Can a final avo be changed
Under section 72 of the Crimes (Domestic and Personal Violence) Act 2007 (NSW), after a final AVO has been made, an applicant, protected person or defendant may apply to vary or revoke (cancel) the AVO. If any of the protected persons on the AVO are under 16, only the police can apply to vary the order.
An AVO can be varied to impose greater or lesser restrictions on the defendant, including adding, deleting or amending orders, revoking or extending the duration of the order. A private application for variation can be made in the Local Court through the registrar. It needs to set out the proposed variations and the reasons for them. If there are multiple protected persons, special notification provisions apply.
Police must serve the application for variation or revocation on the other person named in the AVO. No variation can be made until service has taken place. A magistrate will only allow a variation or revocation of the AVO if it is proper in all the circumstances to do so. A magistrate can decline to hear an application to vary or revoke an order if they are satisfied there has been no change in circumstances since the order was made or if the application is in the nature of an appeal against the order. An example of when a protected person may want to vary an AVO is if they want to live with the defendant again but still have the protected of the mandatory orders.
Appeals, annulments and review
A defendant has a right of appeal to the District Court against having an AVO made against them (Crimes (Domestic and Personal Violence) Act 2007 (NSW), section 84 and Crimes (Appeal and Review) Act 2001 (NSW), Part 3). The application must be made within 28 days (or within three months with leave (permission) of the District Court). There is a legal presumption that an AVO will continue for the person’s protection until an appeal has been decided.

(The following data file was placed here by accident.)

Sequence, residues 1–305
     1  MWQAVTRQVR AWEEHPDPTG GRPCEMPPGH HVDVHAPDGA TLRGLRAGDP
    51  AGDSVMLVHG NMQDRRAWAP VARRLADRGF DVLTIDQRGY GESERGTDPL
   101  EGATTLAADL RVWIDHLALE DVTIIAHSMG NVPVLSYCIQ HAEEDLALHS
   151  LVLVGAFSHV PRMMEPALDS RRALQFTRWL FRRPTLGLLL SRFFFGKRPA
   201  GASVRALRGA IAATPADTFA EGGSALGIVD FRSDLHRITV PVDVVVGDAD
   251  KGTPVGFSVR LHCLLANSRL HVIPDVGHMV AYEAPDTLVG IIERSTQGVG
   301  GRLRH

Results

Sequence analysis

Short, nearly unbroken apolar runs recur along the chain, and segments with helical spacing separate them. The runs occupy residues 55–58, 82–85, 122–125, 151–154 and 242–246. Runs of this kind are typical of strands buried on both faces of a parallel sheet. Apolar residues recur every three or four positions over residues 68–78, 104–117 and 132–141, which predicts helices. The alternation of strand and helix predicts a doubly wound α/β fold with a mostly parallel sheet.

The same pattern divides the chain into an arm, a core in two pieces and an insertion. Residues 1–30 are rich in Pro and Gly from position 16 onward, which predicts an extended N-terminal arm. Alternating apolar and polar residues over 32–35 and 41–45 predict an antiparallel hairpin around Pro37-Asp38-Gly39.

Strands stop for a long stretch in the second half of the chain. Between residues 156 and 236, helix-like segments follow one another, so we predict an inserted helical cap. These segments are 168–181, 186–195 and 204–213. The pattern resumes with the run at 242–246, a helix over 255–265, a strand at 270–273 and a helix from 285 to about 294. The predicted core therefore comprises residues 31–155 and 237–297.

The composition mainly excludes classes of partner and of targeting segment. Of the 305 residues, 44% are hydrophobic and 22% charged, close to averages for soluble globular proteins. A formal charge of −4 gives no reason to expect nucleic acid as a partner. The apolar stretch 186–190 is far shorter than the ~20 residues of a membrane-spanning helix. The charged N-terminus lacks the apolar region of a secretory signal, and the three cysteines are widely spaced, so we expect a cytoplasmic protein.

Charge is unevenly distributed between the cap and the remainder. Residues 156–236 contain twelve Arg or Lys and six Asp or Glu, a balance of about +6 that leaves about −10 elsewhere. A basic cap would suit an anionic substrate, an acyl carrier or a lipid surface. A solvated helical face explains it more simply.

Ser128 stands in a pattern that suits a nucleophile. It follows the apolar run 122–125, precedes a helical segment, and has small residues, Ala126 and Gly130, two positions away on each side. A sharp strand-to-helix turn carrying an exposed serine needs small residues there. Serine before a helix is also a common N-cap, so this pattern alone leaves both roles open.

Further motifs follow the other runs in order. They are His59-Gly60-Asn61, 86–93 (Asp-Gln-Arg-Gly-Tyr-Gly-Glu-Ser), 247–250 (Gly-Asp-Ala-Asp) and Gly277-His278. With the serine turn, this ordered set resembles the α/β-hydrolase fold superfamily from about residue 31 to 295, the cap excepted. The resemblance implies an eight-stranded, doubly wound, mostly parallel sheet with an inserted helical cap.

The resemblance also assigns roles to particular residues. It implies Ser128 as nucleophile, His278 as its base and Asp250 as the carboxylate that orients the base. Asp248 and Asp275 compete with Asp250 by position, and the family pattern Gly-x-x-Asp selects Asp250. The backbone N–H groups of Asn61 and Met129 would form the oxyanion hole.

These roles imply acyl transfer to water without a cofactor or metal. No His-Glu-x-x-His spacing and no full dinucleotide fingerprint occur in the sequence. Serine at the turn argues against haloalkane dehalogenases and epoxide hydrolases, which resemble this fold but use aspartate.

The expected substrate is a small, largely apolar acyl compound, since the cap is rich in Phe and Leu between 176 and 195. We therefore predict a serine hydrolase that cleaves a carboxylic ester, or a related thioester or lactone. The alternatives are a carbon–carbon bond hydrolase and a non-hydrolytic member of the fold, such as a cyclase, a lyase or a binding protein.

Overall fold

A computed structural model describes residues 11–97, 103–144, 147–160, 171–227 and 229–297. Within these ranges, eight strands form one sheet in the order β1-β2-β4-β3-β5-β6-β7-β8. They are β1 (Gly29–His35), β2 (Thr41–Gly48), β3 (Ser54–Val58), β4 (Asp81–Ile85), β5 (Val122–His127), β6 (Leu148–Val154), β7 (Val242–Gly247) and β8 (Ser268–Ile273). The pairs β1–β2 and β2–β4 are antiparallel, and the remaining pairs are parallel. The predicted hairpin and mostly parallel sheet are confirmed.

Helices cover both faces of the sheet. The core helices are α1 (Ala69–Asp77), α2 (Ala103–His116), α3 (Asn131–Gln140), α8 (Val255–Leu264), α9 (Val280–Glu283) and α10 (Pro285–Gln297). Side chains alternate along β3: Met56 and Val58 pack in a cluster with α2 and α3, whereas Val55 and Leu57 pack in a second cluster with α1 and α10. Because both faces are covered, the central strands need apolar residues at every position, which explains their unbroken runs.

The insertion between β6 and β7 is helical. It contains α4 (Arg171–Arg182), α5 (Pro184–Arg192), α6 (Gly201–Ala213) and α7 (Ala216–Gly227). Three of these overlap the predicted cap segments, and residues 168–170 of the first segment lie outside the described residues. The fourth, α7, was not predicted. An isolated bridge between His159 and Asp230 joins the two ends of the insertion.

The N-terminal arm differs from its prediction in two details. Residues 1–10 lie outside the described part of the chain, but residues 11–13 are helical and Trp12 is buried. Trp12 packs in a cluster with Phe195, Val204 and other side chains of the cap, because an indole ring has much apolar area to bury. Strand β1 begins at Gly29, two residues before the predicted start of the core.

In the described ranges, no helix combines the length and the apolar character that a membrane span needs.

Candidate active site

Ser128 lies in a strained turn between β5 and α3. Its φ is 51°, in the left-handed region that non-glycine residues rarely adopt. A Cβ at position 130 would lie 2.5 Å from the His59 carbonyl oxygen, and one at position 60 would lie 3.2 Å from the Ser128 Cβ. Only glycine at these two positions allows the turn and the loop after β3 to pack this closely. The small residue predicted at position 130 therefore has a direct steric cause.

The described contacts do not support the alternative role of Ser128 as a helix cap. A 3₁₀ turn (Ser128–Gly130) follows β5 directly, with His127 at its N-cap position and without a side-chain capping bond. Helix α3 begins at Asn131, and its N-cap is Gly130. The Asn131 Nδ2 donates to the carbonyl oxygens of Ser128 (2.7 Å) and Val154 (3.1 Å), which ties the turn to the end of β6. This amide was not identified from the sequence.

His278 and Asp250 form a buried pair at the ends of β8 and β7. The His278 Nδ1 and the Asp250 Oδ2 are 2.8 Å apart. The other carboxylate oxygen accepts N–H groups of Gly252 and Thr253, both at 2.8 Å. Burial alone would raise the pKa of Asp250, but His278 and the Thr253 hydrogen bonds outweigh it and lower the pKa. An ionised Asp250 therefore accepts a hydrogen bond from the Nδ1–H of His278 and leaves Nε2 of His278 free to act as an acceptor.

If an AVO was made against a defendant in their absence, the defendant can apply to the Local Court to annul the order. The defendant must show the Local Court that their non-attendance was due either to:
- not being aware of the proceedings until after they were completed, or
- being hindered by accident, illness or misadventure or other cause.
In the alternative, they can argue it is in the interests of justice to grant the annulment application. The application for annulment must be made within two years of the making of the AVO.
If a magistrate dismisses an AVO application, the applicant or the protected person may apply to the District Court for a re-hearing of the matter within 28 days. Any re-hearing in the District Court is based on what was said in the Local Court (the transcript) rather than new evidence being called from witnesses, unless the District Court gives permission to present fresh evidence.